ABC Wednesday – Round 14

Blogging meme about blogging is a Cardinal Sin

Any number of TMI moments.

The late Cardinal Jaime Sin of the Philippines.

From Sunday Stealing back in November.

1. Why did you sign up for writing your blog?

An existential crisis of powerlessness.

2. Why did you choose your blog’s name? What does it mean?

Ramblin’ with (John) Gambling, a radio show.

3. Did you ever had another blog?

Not before this blog; a few since.

4. What do you do online when you’re not on your blog?

Limited Facebook and Twitter.

5. How about when you’re not on the computer?

Mostly tend to the Daughter.

6. What do you wish people who read your blog knew about you?

I think people who read my blog know just what I want them to know about me.

7. What is your favorite community in the blogosphere?

ABC Wednesday.

8. What is your philosophy on your blog layout?

I have none – philosophy or a particular layout.

9. Tell me about the picture you use to represent you on your blog.

It’s a caricature of me that the late Raoul Vezina drew for a friend of mine.

10. Pick 3 random blogs from your blogroll and tell us about them.

Byzantium Shores – well-read, and an extremely handy guy from Buffalo named Jaquandor who knows music.

Shores of Orion – a blog by Chris Honeywell, who’s a Christian Scientist. No, that’s not right. She’s a scientist (mathematical biogeochemist) and a Christian, among other things.

Mike Sterling’s Progressive Ruin -a comic-book-related blog I’ve been reading since before I started blogging.

11. What features do you think your blog should have that it doesn’t currently?

Big explosions.

12. What do you consider the 10 most “telling” interests that we would infer from your blog persona?

Music, religion, politics, civil rights, family, English language, movies, books, libraries, data

13. Do you have any unique interests that you have never shared before? What are they?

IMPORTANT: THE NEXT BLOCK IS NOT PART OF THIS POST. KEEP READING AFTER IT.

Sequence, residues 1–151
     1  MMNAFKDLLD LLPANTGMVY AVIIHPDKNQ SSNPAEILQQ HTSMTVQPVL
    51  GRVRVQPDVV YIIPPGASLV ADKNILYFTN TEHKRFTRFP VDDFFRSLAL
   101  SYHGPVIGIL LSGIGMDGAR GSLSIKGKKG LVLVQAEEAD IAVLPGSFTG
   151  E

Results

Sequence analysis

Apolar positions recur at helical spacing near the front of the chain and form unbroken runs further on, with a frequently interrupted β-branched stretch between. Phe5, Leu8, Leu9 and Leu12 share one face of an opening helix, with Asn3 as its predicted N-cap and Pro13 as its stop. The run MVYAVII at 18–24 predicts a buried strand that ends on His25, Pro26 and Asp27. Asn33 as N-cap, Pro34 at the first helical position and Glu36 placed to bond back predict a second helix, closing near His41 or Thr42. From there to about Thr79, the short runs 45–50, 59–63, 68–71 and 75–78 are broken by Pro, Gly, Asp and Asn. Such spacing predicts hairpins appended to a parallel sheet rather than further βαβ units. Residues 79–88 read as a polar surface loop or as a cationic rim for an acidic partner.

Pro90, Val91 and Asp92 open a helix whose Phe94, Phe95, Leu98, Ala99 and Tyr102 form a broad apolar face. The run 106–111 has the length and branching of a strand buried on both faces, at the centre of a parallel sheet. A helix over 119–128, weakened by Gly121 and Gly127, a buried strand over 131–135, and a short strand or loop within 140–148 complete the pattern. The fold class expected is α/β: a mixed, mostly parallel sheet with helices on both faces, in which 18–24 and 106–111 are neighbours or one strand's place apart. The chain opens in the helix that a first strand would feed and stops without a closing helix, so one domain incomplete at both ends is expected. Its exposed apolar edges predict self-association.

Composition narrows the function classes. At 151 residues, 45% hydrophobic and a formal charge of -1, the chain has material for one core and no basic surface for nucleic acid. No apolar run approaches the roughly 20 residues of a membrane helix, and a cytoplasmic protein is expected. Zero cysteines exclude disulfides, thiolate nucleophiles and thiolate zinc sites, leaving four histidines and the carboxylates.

Yes, and I will when I get good and ready to.

14. The best thing about blogging is all of the friends that you make. Besides those folks, do you think your blog has fans?


15. What’s your current obsession? What about it captures your imagination?

Everything. Politics, I suppose.

16. What are you glad you did but haven’t really had a chance to post about?

I will, eventually. Or not.

17. How many people that first became a blog friend, have you met face to face?

One – Gordon.

18. What don’t you talk about here, either because it’s too personal or because you don’t have the energy?

Any number of TMI moments.

19. What’s a question that you’d love to answer?

I’m going to make you guess at that.

20. Have you ever lost a blogging friendship and regretted it?

No. I think, like other friends, people come and go in your life.

21. Have you ever lost a blogging friendship and thought, “Was that overdue!”

Most of the references to the death of the BeeGees’ Robin Gibb notes the brothers’ disco period, and especially the Saturday Night Fever, understandable given its sales and popularity. But the first song of theirs I heard was New York Mining Disaster 1941, and I for one was listening to them before Stayin’ Alive.